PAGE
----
Perhaps both targeted and immune therapies will work best when given at the start of cancer. I am not against developing these therapies. I am asking that equal attention should be given to what are the events in the earliest stages of cancer that can be targeted. After all, the only good news we can give when cancer is diagnosed is to say it was caught early. Stage 1 is not early enough. Cancer should not find us and pose a threat to our lives. We should find cancer first—before it becomes life-threatening. We should be diagnosing it way before Stage 1 and eliminating it at the first cell stage. We should eliminate it with targeted and immune therapies.
I’m hopeful that in the future, we will not even be targeting the first cell but we will treat the stress that caused it to appear. An infection, exposure to toxins, auto-immune-caused-inflammation.
Another thing that is very wrong with how we treat cancer today relates to the screening measures. We perform these annually for five cancers only and look at one cancer at a time. In reality, and with today’s technology, we should be treating the human body as a machine and monitoring it 24-7 for multiple biomarkers from all kinds of compartments looking for all 200 cancers, the so-called Multi-Cancer Early Detection approach. This is not a pie in the sky. It is all happening as we speak.
The cure of cancer is coming and coming soon. It will come because we will make the first cell into the last cell.
What effect has your call to action had on cancer research?
It’s hard for researchers and treatment professionals to give up what they’re doing, even if they agree with my ideas, because the system demands that they continue the same-old same-old. If all the grants are offered to people finding mutations and targeting them, then all of research and clinical trials will be about mutations.
I think that my brutal honesty might have made me the pariah in the field, but at least it’s making people think and question some of what they’re doing. I have no hope that any of these reasoned efforts will change the way business is conducted in cancer. As Thomas Kuhn pointed out, the best way to cause a paradigm shift is to show success of the new one. Once a word processor appeared, no one cared about the typewriter. We have to show that finding the first cell and preventing disease is possible. Then no one will use paleolithic treatments.There are some truly outstanding researchers and scientists, for example, at the Canary Center at Stanford for Cancer Early Detection, who are developing amazing next-gen technologies for early detection. A smart bra, a toilet that traps and examines urine and feces for biomarkers, wearable and implantable devices to sense the disease-caused perturbations associated with carcinogenesis. There are also huge gold mines of data on early cancers that need excavation.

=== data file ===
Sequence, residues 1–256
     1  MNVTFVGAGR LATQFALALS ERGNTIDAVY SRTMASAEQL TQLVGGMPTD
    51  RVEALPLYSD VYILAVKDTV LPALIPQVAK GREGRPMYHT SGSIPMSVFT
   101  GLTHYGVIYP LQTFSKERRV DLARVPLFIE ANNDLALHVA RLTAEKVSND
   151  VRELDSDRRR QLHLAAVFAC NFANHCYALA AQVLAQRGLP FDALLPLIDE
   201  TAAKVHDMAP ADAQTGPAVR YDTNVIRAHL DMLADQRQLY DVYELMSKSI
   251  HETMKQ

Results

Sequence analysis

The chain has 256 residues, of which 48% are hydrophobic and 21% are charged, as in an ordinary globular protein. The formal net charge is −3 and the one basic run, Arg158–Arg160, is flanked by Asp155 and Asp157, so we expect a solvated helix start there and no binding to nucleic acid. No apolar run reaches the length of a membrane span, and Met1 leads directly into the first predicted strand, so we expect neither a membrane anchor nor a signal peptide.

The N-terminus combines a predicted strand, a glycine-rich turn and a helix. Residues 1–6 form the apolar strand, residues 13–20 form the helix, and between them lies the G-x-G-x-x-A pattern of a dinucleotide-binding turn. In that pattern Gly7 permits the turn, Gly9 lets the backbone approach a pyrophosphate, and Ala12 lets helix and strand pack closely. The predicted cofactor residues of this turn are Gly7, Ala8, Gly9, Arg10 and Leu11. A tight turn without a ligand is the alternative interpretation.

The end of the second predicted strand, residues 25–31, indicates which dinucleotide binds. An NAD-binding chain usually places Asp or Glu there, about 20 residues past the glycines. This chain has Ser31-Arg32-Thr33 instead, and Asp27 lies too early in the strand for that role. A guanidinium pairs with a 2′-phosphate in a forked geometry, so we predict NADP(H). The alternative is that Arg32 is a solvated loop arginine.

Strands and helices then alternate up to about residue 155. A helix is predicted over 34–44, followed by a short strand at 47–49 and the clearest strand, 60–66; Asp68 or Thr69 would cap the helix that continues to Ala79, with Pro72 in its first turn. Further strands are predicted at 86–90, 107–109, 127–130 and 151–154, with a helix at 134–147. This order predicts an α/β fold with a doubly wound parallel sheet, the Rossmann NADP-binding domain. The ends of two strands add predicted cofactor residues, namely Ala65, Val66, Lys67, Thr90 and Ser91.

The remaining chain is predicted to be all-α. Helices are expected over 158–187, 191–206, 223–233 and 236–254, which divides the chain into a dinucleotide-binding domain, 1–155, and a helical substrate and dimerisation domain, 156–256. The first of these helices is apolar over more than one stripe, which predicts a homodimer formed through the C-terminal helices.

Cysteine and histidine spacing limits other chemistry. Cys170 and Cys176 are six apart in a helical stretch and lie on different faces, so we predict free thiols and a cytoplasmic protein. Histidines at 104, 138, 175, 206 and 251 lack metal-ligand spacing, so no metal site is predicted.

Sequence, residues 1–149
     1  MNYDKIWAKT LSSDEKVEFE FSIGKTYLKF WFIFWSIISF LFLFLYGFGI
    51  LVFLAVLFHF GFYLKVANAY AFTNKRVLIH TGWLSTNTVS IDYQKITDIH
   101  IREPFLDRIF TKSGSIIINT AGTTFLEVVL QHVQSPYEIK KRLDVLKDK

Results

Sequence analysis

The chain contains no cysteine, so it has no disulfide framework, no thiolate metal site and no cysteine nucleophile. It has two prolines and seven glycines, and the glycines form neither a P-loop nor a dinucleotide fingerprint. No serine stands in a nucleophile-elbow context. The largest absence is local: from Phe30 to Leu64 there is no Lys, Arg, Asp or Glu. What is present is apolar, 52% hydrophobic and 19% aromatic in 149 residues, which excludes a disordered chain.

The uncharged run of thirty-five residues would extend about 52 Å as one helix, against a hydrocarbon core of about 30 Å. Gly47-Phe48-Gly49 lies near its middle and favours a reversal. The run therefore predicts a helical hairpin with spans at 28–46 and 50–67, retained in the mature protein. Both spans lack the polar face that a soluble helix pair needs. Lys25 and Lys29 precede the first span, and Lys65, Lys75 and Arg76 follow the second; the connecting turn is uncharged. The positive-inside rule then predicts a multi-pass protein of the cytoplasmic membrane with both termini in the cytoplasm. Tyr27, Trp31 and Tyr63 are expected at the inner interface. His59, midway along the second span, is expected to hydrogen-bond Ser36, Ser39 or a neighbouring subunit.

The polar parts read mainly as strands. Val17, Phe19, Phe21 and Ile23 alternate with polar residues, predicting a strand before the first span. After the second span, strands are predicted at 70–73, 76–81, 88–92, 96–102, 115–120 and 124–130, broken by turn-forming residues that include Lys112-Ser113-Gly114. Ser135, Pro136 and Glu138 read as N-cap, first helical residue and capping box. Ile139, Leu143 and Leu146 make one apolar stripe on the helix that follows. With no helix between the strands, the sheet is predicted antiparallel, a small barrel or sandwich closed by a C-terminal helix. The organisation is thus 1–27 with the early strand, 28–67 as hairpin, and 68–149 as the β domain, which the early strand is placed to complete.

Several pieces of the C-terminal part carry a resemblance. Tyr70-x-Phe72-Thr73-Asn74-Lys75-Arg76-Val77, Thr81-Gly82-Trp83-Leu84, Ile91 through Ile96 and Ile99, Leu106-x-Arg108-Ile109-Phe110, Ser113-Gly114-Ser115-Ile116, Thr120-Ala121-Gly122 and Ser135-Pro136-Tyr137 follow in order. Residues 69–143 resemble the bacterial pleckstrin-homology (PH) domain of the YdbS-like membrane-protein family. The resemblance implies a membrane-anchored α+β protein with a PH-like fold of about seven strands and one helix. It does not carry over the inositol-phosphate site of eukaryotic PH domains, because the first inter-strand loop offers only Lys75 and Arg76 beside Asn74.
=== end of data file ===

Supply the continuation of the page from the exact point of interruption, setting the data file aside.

What should cancer-research money be funding?
There’s no dearth of money for cancer research in America. But I am horrified by the mindless waste of huge amounts on animal studies that are meaningless for humans or on doing hundreds of clinical trials focused on the same target with the hope that one will hit a statistical endpoint and reap billions for the company.
How should we start to treat cancer differently?
Be proactive instead of reactive. Monitor wellness to find illness. Monitor people at high risk of developing cancer, like cancer survivors. If you are a cancer survivor, please don’t panic—there’s only a 13 to 18 percent increase in the incidence of a second cancer. Twenty percent of newly diagnosed cancers in America are diagnosed in a cancer survivor. These individuals are attached to institutions where they come for regular check-ups once or twice a year. Our group agreed that obtaining non-invasive samples and banking them could be the key to the first cell. This is what will help us find the biomarkers to look for in early stages of cancer. Surely, the stress to an organ that causes the appearance of the first cell must be associated with a different metabolic signature that can be picked up from the blood or urine or saliva? Our plan is to look for footprints of cancer. The first cell can be detected up to four years before a cancer makes its appearance on a scan and becomes detectable as a tumor.
Is the cure for cancer ever coming? Do you think we will ever be made cancer resistant somehow?
Yes. I say yes with 100 percent certainty. The samples will be game-changers. At last, we will have the chance to sight the happenings at status nascendi. The ability to diagnose any and all cancers with simple blood tests at their earliest stages will change the paradigm. The cure of cancer is coming and coming soon. It will come because we will make the first cell into the last cell.
Right now we are only looking at cancer survivors. Once we find certain markers from these cancer survivors that we think are harbingers of the appearance of cancer, then we can start using the markers in all healthy populations in the country, to see if anyone is going to develop cancer. So, all of this can happen very rapidly as long as we have certain definite markers. We could luck out and find something important in the first year and quickly validate it in a prospective manner, in a small population, bring it to a larger one, and given the capitalist society we live in, you can be sure that it will be immediately picked up and competition will start.
Gayil Nalls, Ph.D. is an interdisciplinary artist and theorist who pioneered the genre of olfactory art. She is the founder of World Sensorium Conservancy. Follow her on Instagram at @worldsensorium.
Lead art: Valenty / Shutterstock